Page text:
We present a first look at the major deforestation hotspots across all nine countries of the Amazon in 2021 (as of September 18).*
The Base Map illustrates several key findings thus far in 2021:p
- We estimate the loss of over 860,000 hectares (2.1 million acres) of primary forest loss across the nine countries of the Amazon.
- Amazon deforestation has been concentrated in three countries: Brazil (79%), Peru (7%), Colombia (6%).
- The vast majority of deforestation (79%) occurred in the Brazilian Amazon, where massive hotspots stretched across the major road networks. Many of these areas were also burned following the deforestation.
- There continues to be an arc of deforestation in the northwestern Colombian Amazon, impacting numerous protected areas and indigenous territories.
- In the Peruvian Amazon, deforestation continues to impact the central region, most notably from a new Mennonite colony and large-scale rice plantation.
- In Bolivia, fires are once again impacting several important ecosystems, including the Beni grasslands and Chiquitano dry forests of the Amazon, and Chaco scrub forest outside the Amazon.
Below, we zoom in on the three countries with the highest deforestation (Brazil, Colombia, and Peru) and show a series of high-resolution satellite images that illustrate some of the major 2021 deforestation events.
Widespread Deforestation in the Brazilian Amazon
The Brazil Base Map shows the notable concentration of deforestation hotspots along the major roads (especially roads 163, 230, 319, and 364). Zooms A-C show high-resolution examples of this deforestation, which largely appears to be associated with clearing rainforests for pasture.
Arc of Deforestation in the Colombian Amazon
As described in previous reports (see MAAP #120), the Colombia Base Map shows there continues to be an “arc of deforestation” in the northwest Colombian Amazon (Caqueta, Meta, and Guaviare departments).
This arc impacts numerous protected areas (particularly Tinigua and Chiribiquete National Parks) and Indigenous Reserves (particularly Yari-Yaguara II and Nukak Maku).
Zooms D & E show high-resolution examples of this deforestation, which largely appears to be associated with clearing rainforests for pasture.
Deforestation in the central Peruvian Amazon
The Peru Base Map shows the concentration of deforestation in the central Peruvian Amazon (Ucayali, Huanuco, and southern Loreto regions).
Zooms F & G show two notable examples of this deforestation: the rapid deforestation in 2021 for a new Mennonite colony (299 hectares) and large-scale rice plantation (382 hectares), respectively.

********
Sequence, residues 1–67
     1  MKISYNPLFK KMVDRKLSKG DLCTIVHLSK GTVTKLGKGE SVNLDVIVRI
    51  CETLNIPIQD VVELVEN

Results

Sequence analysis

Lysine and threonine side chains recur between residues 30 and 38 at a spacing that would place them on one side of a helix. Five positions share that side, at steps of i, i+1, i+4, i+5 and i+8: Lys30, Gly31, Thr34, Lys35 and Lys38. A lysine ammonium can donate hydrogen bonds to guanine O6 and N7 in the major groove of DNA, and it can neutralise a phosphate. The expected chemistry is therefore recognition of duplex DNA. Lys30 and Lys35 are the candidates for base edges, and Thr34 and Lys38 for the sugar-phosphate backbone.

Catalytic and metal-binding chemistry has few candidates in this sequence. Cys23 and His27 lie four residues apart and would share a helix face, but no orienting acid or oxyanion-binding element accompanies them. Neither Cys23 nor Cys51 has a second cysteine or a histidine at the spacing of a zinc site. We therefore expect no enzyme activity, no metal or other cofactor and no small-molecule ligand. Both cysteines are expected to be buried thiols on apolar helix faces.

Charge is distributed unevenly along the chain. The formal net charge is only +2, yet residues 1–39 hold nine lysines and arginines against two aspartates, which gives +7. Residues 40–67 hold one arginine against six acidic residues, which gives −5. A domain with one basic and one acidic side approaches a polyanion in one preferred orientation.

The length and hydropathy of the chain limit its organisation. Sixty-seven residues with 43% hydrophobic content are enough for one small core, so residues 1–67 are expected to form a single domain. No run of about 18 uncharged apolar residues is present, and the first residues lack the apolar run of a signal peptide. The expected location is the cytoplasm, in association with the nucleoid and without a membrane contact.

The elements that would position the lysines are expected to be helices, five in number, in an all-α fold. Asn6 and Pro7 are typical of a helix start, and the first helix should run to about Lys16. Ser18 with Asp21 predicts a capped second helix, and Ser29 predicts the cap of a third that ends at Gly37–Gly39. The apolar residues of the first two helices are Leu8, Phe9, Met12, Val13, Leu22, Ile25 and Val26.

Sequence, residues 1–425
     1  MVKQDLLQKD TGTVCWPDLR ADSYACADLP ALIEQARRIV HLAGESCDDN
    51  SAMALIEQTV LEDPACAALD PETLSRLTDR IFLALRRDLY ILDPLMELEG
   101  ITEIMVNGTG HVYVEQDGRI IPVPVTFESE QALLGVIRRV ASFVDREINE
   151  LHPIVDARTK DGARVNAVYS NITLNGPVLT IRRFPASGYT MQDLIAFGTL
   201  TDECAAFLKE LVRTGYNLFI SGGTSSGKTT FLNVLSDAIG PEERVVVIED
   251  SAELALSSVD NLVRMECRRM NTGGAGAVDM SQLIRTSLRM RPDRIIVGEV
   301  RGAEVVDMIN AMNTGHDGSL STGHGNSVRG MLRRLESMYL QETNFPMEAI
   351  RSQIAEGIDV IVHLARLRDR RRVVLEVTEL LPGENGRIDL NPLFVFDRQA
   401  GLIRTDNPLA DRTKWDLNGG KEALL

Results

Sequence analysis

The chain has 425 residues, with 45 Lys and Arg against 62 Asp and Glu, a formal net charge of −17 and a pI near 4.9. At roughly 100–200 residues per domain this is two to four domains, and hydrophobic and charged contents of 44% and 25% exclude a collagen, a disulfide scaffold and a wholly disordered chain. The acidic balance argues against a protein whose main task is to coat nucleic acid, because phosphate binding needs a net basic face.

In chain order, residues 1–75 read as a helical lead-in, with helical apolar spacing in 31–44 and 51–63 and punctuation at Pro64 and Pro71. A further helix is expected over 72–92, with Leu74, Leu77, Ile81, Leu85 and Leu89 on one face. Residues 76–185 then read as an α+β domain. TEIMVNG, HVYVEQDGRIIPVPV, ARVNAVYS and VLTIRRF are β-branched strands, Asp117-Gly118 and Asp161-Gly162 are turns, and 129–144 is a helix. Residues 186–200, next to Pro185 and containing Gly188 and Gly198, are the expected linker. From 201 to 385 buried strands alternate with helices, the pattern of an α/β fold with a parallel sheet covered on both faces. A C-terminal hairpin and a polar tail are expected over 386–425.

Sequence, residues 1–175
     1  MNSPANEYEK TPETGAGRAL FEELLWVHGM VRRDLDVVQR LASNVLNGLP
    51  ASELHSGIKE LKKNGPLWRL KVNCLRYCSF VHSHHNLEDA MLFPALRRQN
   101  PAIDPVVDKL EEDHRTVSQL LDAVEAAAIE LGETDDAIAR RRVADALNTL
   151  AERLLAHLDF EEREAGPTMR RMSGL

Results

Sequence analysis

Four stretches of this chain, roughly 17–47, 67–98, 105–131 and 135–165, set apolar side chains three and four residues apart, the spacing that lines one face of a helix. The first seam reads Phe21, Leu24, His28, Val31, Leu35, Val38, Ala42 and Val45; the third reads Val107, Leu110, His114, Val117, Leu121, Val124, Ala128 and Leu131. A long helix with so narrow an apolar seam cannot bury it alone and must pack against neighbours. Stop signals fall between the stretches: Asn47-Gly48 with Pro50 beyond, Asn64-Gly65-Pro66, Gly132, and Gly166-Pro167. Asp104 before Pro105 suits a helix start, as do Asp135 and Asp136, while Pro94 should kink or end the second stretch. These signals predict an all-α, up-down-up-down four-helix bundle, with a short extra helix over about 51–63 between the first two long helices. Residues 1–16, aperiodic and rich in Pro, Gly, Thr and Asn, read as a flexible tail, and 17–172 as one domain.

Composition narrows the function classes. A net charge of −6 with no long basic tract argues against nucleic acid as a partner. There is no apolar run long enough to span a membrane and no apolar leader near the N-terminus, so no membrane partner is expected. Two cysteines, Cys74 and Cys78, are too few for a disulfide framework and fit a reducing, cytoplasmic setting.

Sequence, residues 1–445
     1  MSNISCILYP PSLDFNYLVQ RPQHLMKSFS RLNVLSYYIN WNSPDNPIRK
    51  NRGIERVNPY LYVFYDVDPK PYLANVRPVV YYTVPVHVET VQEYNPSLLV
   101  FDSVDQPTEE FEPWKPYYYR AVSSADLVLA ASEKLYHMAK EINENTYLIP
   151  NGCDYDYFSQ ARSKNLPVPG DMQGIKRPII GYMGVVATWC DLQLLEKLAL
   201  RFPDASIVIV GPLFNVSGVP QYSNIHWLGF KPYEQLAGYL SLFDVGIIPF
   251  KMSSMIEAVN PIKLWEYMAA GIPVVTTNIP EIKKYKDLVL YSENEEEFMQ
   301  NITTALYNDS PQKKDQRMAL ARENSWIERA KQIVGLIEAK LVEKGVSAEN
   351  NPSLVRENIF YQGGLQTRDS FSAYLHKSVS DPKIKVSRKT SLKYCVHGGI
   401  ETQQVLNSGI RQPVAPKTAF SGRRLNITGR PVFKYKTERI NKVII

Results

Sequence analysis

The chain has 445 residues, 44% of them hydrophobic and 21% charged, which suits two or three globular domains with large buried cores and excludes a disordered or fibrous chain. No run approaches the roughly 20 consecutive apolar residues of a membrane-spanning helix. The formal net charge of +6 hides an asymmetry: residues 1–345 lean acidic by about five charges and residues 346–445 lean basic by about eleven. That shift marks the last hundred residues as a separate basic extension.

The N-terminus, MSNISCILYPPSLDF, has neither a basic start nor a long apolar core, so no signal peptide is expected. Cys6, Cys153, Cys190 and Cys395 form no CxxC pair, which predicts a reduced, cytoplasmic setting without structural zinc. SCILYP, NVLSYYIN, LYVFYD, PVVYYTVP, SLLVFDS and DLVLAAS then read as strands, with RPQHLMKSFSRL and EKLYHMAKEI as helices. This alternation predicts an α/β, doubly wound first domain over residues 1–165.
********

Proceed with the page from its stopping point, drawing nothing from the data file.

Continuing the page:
Also note some additional hotspots in the south (Madre de Dios region) from gold mining and medium-scale agriculture.
The hotspot in the north (Loreto region) is natural forest loss from a windstorm.
*Notes and Methodology
The analysis was based on 10-meter resolution primary forest loss alerts (GLAD+) produced by the University of Maryland and also presented by Global Forest Watch. These alerts are derived from the Sentinel-2 satellite operated by the European Space Agency.
We emphasize that this data represents a preliminary estimate and more definitive annual data will come later next year.
We also note that this data does include forest loss caused by natural forces and burned areas.
Our geographic range for the Amazon is a hybrid between both the biogeographic boundary (as defined by RAISG) and watershed boundary, designed for maximum inclusion.
To identify the deforestation hotspots, we conducted a kernel density estimate. This type of analysis calculates the magnitude per unit area of a particular phenomenon, in this case forest cover loss. We conducted this analysis using the Kernel Density tool from Spatial Analyst Tool Box of ArcGIS. We used the following parameters:
Search Radius: 15000 layer units (meters)
Kernel Density Function: Quartic kernel function
Cell Size in the map: 200 x 200 meters (4 hectares)
Everything else was left to the default setting.
For the Base Map, we used the following concentration percentages: Medium: 7-10%; High: 11-20%; Very High: >20%.
We thank E. Ortiz and A. Ariñez for their helpful comments on this report.
This work was supported by NORAD (Norwegian Agency for Development Cooperation) and ICFC (International Conservation Fund of Canada).
Finer M, Mamani N, Spore J (2020) Amazon Deforestation Hotspots 2021. MAAP: 147.Download PDF of this article